The sharp spikes that grow on this plant protect the berry-like buds that grow in the late spring on this plant. These buds come in vibrant colors like red, orange, or yellow. While they aren’t safe for human consumption, the berries do provide an eye-catching detail that adds to the appeal this plant brings to your garden.

Flowering Quince

Although the blooms that grow on flowering quince are often compared to roses in terms of their appearance, this is a distinct thorn-producing flower that has a character that’s all its own. Its shiny, dark green leaves love getting plenty of sunshine, so grow this plant in an area that gets high amounts of exposure to the sun.

One distinct characteristic of flowering quince are the apple-like fruits that this plant bears at the end of its flowering period. These small fruits are perfectly edible, so feel free to pluck one off of your shrub and taste it for yourself. The little snack makes the perfect reward for all the hard work you do in your garden.


This evergreen plant has compound leaves and bright red berries that give it quite a charming characteristic. That eye-catching charm is balanced by the protective thorns that grow along the stalks of this plant, warning anybody who comes into contact with it to handle this plant with care to avoid getting stung.

In the flowering phase, this plant grows clusters of yellow cup-shaped blossoms that add a beautiful detail to your landscape. Those clusters eventually give way to the red berries that this plant is known for. The berries are even edible, making this the perfect option to anyone who likes growing edible plants in their garden.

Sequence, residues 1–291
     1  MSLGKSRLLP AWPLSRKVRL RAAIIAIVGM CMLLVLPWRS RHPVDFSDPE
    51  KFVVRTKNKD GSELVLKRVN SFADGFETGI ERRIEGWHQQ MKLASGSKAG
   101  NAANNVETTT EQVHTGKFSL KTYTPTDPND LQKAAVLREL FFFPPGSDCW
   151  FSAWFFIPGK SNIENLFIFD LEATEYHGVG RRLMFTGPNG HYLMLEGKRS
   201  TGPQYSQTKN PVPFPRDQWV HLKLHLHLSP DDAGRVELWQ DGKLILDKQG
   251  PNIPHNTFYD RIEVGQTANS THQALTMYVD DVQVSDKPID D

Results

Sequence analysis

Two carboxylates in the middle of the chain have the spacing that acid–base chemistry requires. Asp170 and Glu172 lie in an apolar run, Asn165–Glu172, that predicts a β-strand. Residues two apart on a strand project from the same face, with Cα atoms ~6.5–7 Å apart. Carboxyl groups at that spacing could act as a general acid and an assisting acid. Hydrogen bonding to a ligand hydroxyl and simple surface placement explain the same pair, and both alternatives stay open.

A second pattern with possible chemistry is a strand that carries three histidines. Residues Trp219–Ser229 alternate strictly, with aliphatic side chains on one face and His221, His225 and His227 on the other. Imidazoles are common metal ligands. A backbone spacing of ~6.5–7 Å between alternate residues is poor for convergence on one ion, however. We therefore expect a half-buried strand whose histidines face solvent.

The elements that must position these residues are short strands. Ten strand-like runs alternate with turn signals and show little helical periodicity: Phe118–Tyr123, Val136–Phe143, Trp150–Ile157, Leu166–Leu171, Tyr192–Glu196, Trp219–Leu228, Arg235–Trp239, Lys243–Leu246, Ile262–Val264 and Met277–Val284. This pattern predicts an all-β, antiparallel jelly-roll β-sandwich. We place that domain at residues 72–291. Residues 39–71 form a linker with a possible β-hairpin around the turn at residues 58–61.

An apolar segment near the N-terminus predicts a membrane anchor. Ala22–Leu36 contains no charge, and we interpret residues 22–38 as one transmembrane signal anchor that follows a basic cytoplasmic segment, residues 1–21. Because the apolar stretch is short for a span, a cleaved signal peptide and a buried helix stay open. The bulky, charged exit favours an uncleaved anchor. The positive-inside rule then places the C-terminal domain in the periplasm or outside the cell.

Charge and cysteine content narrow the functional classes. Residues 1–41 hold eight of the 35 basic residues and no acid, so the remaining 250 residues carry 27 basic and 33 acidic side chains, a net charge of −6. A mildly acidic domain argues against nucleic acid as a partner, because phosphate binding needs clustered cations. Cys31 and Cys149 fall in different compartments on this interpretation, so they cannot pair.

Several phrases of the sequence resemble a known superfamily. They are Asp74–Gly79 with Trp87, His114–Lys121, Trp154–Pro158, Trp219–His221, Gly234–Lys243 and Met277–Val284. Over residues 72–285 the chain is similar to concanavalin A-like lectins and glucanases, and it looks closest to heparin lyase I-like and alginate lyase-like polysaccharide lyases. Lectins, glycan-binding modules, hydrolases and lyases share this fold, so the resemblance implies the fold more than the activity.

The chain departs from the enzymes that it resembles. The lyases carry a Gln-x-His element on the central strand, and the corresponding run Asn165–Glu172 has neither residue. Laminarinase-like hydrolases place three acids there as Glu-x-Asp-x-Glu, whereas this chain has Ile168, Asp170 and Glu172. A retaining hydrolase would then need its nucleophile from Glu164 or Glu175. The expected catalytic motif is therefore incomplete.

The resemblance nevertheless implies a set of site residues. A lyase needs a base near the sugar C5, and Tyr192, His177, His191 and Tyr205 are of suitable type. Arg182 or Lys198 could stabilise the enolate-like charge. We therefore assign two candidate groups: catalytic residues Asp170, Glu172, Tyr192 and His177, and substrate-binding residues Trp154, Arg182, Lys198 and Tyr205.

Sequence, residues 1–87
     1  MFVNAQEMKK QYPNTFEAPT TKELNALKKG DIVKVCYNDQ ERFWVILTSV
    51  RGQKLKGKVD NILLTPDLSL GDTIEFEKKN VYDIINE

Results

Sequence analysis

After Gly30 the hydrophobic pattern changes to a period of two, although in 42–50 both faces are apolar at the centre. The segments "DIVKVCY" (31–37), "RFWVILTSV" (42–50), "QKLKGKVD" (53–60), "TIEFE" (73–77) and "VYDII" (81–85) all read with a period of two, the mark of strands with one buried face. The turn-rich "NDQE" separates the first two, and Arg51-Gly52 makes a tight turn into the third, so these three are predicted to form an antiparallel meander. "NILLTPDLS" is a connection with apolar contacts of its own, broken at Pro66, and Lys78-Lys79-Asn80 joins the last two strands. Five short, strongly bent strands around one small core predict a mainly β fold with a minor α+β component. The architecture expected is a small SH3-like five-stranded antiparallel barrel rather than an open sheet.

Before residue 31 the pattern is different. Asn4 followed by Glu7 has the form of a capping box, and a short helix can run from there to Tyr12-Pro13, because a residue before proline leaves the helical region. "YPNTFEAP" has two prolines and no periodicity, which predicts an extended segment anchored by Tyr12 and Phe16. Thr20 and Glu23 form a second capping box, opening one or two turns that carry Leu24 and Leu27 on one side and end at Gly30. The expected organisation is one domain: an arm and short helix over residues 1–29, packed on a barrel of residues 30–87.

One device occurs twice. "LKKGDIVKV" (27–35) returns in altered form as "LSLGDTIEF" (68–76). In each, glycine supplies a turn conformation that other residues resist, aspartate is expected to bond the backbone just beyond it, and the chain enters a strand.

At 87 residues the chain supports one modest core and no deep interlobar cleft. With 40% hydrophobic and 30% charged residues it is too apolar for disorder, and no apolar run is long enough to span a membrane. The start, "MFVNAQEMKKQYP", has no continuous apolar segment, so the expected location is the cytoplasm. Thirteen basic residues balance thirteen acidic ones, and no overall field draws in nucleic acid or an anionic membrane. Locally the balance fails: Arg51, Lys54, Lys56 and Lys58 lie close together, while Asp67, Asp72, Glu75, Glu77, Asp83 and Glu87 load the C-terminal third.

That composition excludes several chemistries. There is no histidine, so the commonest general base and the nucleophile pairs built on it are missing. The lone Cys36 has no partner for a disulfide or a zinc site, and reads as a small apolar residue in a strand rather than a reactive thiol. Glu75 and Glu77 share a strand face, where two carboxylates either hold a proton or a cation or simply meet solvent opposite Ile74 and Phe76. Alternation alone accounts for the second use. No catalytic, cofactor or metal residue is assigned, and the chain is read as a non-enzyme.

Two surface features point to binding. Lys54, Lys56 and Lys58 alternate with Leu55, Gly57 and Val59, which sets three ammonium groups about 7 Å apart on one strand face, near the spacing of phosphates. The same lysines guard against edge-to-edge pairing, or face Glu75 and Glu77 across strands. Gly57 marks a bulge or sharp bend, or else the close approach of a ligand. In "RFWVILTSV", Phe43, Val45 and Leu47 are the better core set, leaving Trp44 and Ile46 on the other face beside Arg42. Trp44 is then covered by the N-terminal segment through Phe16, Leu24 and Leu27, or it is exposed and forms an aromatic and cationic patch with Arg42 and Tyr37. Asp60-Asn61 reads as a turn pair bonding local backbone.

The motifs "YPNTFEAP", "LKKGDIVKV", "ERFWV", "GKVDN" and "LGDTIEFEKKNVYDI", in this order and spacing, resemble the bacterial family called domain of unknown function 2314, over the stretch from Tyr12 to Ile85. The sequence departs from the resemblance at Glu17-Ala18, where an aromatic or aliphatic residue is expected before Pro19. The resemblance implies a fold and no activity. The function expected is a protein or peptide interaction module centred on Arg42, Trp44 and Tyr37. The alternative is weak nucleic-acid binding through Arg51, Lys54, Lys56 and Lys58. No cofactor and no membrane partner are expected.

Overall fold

Common Holly

While roses are probably the best-known plant that grows thorns, common holly might just rank second on that list. This beautiful shrub grows to between seven and ten feet (2.13 – 3.04 m) and is quite dense, making it ideal for use as a security or privacy hedge.

The thorny, wavy-edged leaves that give this plant its distinguished look can have a prickly texture if not handled carefully. The easily-identifiable clusters of white blossoms that grow from the branches add an extra flair to this plant that makes it the perfect addition to any outdoor space you want to liven up with a subtle but refined touch.

Sea Buckthorn

This deciduous bush is known for its resilience, being able to thrive in many different conditions. They grow to heights of between eight and twelve feet tall (2.43 – 3.65 m), making them some of the largest shrubs available. They also grow quite dense, making them perfect to use as windbreakers and natural barriers, or simply to add a plant to your garden with an eye-catching stature and presence.

Sea buckthorn is known for the thin, silvery leaves it produces as well as the bright orange-yellow berries that grow in clusters along its stalks. These stalks also have thorns that protect the berries from insects, foraging animals, and other dangers that might interfere with its growth.


While roses might be the best-known thorn-producing plant, they are far from the only flower that grows thorns. Common holly, agarita, and firethorn are just a few examples of other thorn-producing plants you might find in a garden.

With the right equipment to protect yourself, growing roses or any of the other thorn-producing plants can be a rewarding gardening project. Despite their prickly nature, the beautiful flowers these plants produce are a sight to behold.

Alexander Picot

Alexander Picot is the principal creator of, a website dedicated to gardening tips. Inspired by his mother’s love of gardening, Alex has a passion for taking care of plants and turning backyards into feel-good places and loves to share his experience with the rest of the world.